House Judiciary spars over AG William Barr's refusal to testify
Lawmakers met Thursday to discuss the release of Robert Mueller's Russia report without their key witness: Attorney General William Barr. Barr balked at the opportunity to testify for a second day after spending more than five hours on Wednesday defending his summary of the report's findings as Democrats pressed him on a letter he received from Muller complaining that he didn't "fully capture" the substance of his report.
Nadler said in his opening statement that the attorney general's decision not to appear before the committee was emblematic of a bigger issue with the administration, where officials have declined to appear before congressional committees and President Trump has "prevented us from obtaining information about voting rights, the ACA (Affordable Care Act), and family separations."
"Ladies and gentlemen, the challenge we face is that the president of the United States wants desperately to prevent Congress to provide any check whatsoever," Nadler said, adding that Mr. Trump was "trying to render Congress inert."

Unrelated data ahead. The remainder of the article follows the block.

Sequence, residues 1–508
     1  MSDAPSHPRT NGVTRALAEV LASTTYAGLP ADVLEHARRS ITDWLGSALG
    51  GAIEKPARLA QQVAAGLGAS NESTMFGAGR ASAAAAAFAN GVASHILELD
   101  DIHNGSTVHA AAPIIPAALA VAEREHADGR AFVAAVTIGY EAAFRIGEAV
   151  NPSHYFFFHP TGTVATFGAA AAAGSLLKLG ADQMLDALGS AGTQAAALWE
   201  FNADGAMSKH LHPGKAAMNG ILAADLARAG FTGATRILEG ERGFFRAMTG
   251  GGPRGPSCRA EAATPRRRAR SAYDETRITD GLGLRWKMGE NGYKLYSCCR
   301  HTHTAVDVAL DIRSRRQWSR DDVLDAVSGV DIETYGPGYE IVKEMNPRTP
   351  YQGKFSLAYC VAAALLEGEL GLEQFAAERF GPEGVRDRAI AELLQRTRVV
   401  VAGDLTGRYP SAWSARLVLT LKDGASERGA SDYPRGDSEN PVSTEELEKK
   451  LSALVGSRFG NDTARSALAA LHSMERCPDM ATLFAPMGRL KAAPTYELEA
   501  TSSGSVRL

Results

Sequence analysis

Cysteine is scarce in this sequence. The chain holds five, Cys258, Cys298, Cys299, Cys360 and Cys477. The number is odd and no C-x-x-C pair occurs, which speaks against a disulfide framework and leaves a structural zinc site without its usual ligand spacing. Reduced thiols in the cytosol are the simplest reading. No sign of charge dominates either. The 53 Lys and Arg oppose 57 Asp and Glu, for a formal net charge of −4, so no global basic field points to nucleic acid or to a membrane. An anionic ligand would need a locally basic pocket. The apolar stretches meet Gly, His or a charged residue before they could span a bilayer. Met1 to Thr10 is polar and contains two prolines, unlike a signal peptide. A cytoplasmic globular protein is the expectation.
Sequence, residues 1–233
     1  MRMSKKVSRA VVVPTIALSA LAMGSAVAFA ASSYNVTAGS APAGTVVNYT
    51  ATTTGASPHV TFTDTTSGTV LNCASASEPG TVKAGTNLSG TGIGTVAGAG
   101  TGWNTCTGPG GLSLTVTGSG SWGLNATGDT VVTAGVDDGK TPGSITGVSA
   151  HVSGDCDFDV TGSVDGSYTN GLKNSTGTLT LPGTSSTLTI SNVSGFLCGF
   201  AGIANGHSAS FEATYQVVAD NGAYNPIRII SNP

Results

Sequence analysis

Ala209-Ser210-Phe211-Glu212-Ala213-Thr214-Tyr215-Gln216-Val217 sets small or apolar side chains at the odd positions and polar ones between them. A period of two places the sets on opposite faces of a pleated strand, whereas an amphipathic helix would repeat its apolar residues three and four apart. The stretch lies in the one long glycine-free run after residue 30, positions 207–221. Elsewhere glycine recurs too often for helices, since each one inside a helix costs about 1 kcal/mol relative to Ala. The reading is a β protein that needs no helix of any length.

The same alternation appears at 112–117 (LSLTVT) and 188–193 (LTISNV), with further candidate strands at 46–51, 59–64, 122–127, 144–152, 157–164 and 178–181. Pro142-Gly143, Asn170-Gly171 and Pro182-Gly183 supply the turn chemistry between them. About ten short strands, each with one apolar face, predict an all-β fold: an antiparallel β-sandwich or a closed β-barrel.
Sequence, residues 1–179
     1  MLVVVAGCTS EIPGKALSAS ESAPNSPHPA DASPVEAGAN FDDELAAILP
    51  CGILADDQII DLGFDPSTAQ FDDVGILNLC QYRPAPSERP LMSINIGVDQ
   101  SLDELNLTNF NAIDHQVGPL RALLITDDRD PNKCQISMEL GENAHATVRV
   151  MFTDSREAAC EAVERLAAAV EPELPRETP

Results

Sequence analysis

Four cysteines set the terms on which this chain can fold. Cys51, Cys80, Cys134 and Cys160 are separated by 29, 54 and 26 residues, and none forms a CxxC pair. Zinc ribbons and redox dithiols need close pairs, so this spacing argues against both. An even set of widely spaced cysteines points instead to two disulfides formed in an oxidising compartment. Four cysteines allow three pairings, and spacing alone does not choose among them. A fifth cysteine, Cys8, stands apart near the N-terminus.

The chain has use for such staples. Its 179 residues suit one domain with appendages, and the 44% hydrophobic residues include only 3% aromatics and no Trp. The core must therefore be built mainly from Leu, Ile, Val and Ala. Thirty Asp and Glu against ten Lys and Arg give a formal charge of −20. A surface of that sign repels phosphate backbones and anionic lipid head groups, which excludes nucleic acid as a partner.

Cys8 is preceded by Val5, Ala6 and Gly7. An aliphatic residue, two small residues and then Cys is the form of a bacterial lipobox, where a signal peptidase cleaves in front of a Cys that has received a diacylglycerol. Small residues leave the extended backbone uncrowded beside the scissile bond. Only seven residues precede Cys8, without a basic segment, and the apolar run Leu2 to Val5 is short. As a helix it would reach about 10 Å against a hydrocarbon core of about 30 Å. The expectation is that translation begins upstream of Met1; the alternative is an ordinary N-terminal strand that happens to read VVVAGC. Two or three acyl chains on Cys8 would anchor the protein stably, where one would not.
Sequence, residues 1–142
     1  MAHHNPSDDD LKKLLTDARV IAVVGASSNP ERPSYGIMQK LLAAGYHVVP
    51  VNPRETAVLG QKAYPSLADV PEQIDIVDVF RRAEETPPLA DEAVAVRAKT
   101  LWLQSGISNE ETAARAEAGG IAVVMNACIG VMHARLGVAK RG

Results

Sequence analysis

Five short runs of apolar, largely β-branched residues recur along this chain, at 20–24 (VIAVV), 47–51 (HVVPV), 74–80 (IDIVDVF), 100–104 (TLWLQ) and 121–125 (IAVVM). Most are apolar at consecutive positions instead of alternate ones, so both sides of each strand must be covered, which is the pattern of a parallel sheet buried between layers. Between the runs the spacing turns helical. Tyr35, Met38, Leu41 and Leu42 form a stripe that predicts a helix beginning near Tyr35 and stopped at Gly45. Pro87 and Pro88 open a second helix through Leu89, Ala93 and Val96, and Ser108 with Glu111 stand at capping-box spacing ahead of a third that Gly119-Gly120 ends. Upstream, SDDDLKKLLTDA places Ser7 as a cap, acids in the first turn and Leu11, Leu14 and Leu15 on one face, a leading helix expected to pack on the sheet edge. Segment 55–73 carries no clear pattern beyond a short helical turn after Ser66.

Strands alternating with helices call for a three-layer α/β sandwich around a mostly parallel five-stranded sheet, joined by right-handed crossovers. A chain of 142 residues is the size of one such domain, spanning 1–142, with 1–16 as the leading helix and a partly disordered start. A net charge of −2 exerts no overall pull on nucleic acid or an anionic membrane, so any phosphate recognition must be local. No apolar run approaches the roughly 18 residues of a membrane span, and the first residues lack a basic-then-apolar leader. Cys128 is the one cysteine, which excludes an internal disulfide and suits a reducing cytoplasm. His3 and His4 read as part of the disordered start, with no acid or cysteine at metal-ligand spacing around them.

Nadler said that if Barr does not eventually appear before the committee, the committee will hold the attorney general in contempt.
"We can stand up to this president in defense of the country, the constitution, and the liberty we love, or we can let the moment pass us by," Nadler said.
Ranking Member Doug Collins gave an impassioned speech, nearly shouting into his microphone with indignation that Democrats had chosen to hold what he called a "circus political stunt" instead of letting Barr testify under his terms. He alleged that Democrats wanted the "to look like an impeachment hearing."
"We didn't choose not to have Mr. Barr come, he chose," Nadler responded, speaking over Rep. Matt Gaetz's attempts to interrupt. "We will defend the prerogatives of Congress," he continued.
The Justice Department took issue with Committee Chairman Jerry Nadler's plan to allow staff lawyers to probe Barr during his House appearance, calling the move "inappropriate" in a statement.
Speaking before the Senate Wednesday, Barr referred to the letter as "snitty" and suggested a Mueller staffer had written it. Democrats, including a swath of 2020 presidential contenders, have since called for Barr to resign.
While Nadler had hoped Barr would take the night to rethink his no-show, the committee could now move to vote to hold Barr in contempt for refusing to turn over an un-redacted version of Mueller's report. Meanwhile, Democrats want Mueller himself to appear before lawmakers, urging him to testify on May 15th on the investigation's findings.
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